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Sat, Oct. 19

Crock-pot chicken recipes hit the spot in chilly months

A faithful reader requested crock-pot chicken recipes. So here are two, plus others that may be useful for hearty winter fare.

CHICKEN AND RED POTATOES

3 tbsp. all-purpose flour

4 boneless skinless chicken breast halves (about 6 oz. each)

2 tbsp. olive oil

4 medium red potatoes, cut into wedges

2 cup fresh baby carrots, halved lengthwise

1 can (4 oz.) mushroom stems and pieces, drained

4 canned whole green chilies, cut into 1/2-inch slices

1 can (10-1/4 oz.) condensed cream of onion soup, undiluted

1/4 cup 2 percent milk

1/2 tsp. chicken seasoning

1/4 tsp. each salt, dried rosemary (crushed) and pepper

Place flour in large resealable plastic bag. Add chicken, one piece at a time; shake to coat. In a large skillet, brown chicken in oil on both sides.

Meanwhile, place potatoes, carrots, mushrooms and chilies in greased 5-qt. slow cooker. In a small bowl, combine remaining ingredients. Pour half of soup mixture over vegetables. Transfer chicken to slow cooker; top with remaining soup mixture. Cover and cook on low for 3-1/2 to 4 hours or until meat thermometer reads 170. Serves 4.

MOROCCAN CHICKEN

4 medium carrots, sliced

2 large onions, halved and sliced

1 broiler/fryer chicken (3-4 lbs.), cut up, skin removed

1/2 tsp. salt

1/2 cup chopped dried apricots

1/2 cup raisins

2 tbsp. all purpose flour

1 can (14-1/2 oz.) reduced-sodium chicken broth

1/4 cup tomato paste

2 tbsp. lemon juice

2 garlic cloves, minced

1 1/2 tsp. each ground ginger and ground cumin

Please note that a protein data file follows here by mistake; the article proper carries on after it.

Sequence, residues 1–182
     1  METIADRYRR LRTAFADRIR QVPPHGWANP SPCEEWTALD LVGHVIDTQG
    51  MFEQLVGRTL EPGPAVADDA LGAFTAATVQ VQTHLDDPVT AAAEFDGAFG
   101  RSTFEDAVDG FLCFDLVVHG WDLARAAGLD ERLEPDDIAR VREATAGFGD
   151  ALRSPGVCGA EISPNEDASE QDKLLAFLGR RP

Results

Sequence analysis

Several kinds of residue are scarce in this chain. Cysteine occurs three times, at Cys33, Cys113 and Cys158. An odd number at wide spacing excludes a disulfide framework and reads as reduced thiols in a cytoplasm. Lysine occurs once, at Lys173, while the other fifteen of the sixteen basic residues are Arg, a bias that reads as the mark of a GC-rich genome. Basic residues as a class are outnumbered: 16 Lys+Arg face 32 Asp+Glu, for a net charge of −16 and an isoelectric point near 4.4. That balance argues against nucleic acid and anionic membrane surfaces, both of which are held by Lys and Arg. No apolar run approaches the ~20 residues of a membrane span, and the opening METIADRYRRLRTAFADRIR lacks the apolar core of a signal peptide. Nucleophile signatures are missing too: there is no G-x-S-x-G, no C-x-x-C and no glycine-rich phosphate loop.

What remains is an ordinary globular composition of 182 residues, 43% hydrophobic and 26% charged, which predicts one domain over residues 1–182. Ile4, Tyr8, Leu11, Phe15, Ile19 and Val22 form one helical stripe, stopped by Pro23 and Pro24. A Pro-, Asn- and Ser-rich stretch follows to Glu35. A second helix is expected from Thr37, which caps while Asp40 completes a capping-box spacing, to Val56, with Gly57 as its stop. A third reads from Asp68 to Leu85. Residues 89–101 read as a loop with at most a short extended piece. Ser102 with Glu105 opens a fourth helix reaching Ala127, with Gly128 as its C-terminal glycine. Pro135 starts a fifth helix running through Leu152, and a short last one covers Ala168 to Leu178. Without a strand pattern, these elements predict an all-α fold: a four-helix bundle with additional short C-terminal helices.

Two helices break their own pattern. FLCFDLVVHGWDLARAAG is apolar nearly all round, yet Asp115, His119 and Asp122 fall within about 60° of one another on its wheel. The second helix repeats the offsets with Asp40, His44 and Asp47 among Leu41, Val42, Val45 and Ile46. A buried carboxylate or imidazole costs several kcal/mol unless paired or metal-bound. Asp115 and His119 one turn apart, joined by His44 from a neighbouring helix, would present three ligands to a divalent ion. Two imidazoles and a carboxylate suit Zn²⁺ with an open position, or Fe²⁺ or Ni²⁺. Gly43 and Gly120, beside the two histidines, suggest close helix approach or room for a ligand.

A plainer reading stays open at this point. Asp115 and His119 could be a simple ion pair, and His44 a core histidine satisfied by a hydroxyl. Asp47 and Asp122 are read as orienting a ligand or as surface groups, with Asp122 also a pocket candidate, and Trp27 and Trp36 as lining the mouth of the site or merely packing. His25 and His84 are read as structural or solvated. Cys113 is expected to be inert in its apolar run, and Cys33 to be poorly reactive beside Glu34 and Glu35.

1 tsp. ground cinnamon

1/4 tsp. pepper

Hot, cooked couscous

or rice

Place carrots and onions in a greased 5 qt. slow cooker. Sprinkle chicken with salt; add to slow cooker. Top with apricots and raisins.

In a small bowl, combine flour and broth until smooth; whisk in tomato paste, lemon juice,

garlic, ginger, cumin, cinnamon and pepper. Pour over chicken.

Cover and cook on low for 6 to 7 hours or until chicken is tender. Serve with couscous or rice. 4 servings.

ORANGE WALNUT CHICKEN

3 tbsp. orange juice concentrate

3 tbsp. vegetable oil, divided

1 tbsp. soy sauce

1 garlic clove, minced

4 boneless, skinless chicken breast halves

1/2 cup coarsely chopped walnuts

1 tbsp. butter or margarine

4 green onions, thinly sliced, divided

1/2 cup each orange marmalade and orange juice

1/4 cup lemon juice

2 tbsp. honey

1 to 2 tbsp. grated orange peel

2-3 tsp. grated lemon peel

1/2 tsp. salt

1/8 tsp. pepper

Hot cooked rice

In a large resealable plastic bag, combine orange juice concentrate, 2 tbsp. oil, soy sauce and garlic. Add chicken; seal bag and turn to coat. Refrigerate for 2 to 3 hours. Remove chicken; reserve marinade. In a skillet, cook chicken in remaining oil until juices run clear. Meanwhile, in a saucepan, sauté walnuts in butter until lightly browned; remove and set aside. Set aside ¼ cup green onions for garnish. Add remaining onions to saucepan; sauté until tender. Add reserved marinade and the next eight ingredients. Bring to a rolling boil; boil for 2 minutes. Reduce heat; simmer uncovered for 5-10

minutes or until sauce reaches desired consistency. Serve chicken over rice; top with sauce and reserved walnuts and onions. Serves 4.

NOTE: The above recipe was a grand prize winner in a chicken cooking contest.

SLOW-COOKED FLANK STEAK

1 flank steak, about 1-1/2 lbs., cut in half

1 tbsp. vegetable oil

1 large onion, sliced

1/3 cup water

1 can (4 oz.) chopped green chilies

2 tbsp. vinegar

1-1/4 tsp. chili powder

1 tsp. garlic powder

1/2 tsp. each sugar and salt

1/8 tsp. pepper

In skillet, brown steak in oil; transfer to slow-cooker. In same skillet, sauté onion for 1 minute. Gradually add water, stirring to loosen browned bits from pan. Add remaining ingredients; bring to a boil. Pour over flank steak. Cover and cook on low for 7-8 hours or

until meat is tender. Slice the meat; serve with onion and pan juices. Serves 4-6.

NOTE: Although this recipe states "cook on low heat," I always start all crock-pot recipes on high for food safety and then I turn them down. If you are putting your food on to cook and will be gone for the day, the long cooking should solve the food safety issue by raising the temperature high enough through long cooking.

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